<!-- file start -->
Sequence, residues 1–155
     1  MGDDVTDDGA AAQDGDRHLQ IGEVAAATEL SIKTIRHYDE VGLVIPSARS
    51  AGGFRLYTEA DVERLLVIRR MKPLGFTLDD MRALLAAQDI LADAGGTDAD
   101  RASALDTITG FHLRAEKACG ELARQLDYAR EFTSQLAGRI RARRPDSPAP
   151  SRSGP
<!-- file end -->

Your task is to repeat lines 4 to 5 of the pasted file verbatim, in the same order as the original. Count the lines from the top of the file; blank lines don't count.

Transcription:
   101  RASALDTITG FHLRAEKACG ELARQLDYAR EFTSQLAGRI RARRPDSPAP
   151  SRSGP